Sunday, November 25, 2012

Death Ride 2013

So, I have come to the conclusion that I am absolutely out of my mind.

I think my wife agrees with me.

A few days back, I had some actual free time on my hands (never ends well for anyone) and was surfing the web, unsupervised (never, ever a good idea), and happened upon the Death Ride Tour. It's a three day bike ride through the mountains of Southwest Colorado. The ride begins in Silverton, CO, and passes through the towns of Ouray, Ridgeway, Telluride and Durango, before closing the loop in Silverton. The total distance is roughly 230 miles, with climbs up and over passes that rise well above 11,000 feet.

The website describes it as a "pleasurable tour" through the mountains.

Wait just a second. Since when did hauling yourself 230 miles through the winding Colorado Rockies with over 16,000 feet of elevation gain equate with "pleasurable"?

The Death Ride Tour website cites Michael Seeberg's Road Biking Colorado, and describes the Death Ride Loop in Southwest Colorado as one of the most difficult in the state. It's supposed to be a one day loop, but they're going to do this thing over the course of three days.

Oh, well, that's makes it all better, doesn't it?

So, why am I doing this to myself?

Belive it or not, there are some really strong personal motivations to join the ride.

First off, the ride's theme, tzedakah. In hebrew, tzedakah means to give back more than you have received. It's often seen as a call to give charity to those in need, but is also a paradigm for shaping one's lifestyle. It's a basic principle with which I have always tried to align my life. As a young boy I was enlisted into the Boy Scouts by my parents and indoctrinated with the philosophy of service to others. As an adult, this idea followed me into the military where service to others is a major part of being a Soldier.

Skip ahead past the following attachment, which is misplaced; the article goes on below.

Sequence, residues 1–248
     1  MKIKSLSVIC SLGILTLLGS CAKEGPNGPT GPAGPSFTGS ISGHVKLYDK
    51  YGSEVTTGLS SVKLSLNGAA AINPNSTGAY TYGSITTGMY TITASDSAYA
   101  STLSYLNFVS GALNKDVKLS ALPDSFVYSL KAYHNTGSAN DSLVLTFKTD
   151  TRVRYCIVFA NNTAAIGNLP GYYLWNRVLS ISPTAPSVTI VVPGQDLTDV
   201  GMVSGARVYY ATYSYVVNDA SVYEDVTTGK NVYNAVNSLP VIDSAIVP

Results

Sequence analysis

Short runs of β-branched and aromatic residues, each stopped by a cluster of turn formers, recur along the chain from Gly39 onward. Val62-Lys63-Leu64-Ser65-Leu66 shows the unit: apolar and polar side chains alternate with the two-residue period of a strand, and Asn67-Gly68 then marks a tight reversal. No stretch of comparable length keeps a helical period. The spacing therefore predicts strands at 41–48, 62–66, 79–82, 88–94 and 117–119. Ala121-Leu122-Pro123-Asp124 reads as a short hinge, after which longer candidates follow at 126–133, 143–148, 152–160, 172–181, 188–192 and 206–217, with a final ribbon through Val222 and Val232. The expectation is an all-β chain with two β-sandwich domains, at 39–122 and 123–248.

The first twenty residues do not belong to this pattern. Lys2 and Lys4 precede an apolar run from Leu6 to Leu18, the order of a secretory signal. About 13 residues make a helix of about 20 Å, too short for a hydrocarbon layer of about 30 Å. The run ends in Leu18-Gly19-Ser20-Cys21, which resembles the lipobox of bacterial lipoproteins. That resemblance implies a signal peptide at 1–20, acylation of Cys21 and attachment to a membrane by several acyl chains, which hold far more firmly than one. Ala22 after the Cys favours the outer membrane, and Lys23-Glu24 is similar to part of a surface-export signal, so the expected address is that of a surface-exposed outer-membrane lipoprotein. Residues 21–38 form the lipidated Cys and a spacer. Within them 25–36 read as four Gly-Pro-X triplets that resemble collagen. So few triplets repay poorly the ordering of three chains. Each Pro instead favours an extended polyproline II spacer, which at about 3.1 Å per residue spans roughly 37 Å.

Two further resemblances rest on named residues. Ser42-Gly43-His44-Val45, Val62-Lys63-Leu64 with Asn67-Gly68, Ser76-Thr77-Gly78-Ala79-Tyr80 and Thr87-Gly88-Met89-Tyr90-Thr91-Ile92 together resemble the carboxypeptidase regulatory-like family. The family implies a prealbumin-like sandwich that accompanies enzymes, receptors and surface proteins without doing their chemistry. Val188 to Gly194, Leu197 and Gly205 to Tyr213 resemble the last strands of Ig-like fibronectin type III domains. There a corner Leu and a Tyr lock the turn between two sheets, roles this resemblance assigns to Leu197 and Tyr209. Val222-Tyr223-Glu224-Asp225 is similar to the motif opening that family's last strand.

Second, the race organizer, Barry Sopinsky, set up the ride as a fundraiser in honor of his parents. I've seen many people riding or running in memory of someone they lost, but always felt insecure about the idea. Would I really be honoring their memory in a way that would make them proud?

14 years ago, my grandmother lost her decade long battle with breast cancer. Less than a year ago I lost my grandfather. He didn't have cancer or any exotic disease, but simply had reached a point in his life where he was ready to pass on. Their memory is not one of suffering, of fighting a disease for more life. It's one of living life, every day, of helping others in the community, of raising and watching a family grow. Both spent much of their life together farming and were both respected leaders in the local community. Both volunteered with the local 4H and fire department. Even after their deaths, their legacy of service lives on. During the recent Wetmore Fire, the fire department discovered a CD my grandfather had dedicated to help potential victims of fire disaster. They did just that, cashing it in to help those who had recently lost their homes to the fire.

Both he and my grandmother have left behind such an amazing history full of serving others. They were both dedicated to their community, friends and family. I spent much of my life growing up on their farm, learning first hand what it meant to create life and take care of others in need.

The Death Ride Tour is a fundraising event, supporting the Children's Hospital Colorado and the Rocky Mountain Chapter of ALS. Both are charities that support organizations and people living in Colorado, so what better way to honor my grandparents than to continue their legacy of charitable support and community service to others.

So, now I'm committed, or at least should be committed (to an institution that is), and here's the deal. I have to raise at least $250 before June 8th and I need everyone's help to do it.

I've set up a fundraising page here. You can donate whatever amount you feel comfortable with and together I'm sure we can all reach the goal of $250 easily.

I'll be riding in honor of my grandparents, Dorothy and Jerome Weigel, and I want to know if you are donating in memory of anyone. The point of this ride isn't just to raise money, but to honor the lives of those we have lost. I will carry the names with me during the ride so that everyone we want to remember and honor will be part of the ride.

I will keep updates on the fundraising, the growing list of names, and my training on this blog.

Tzedakah!


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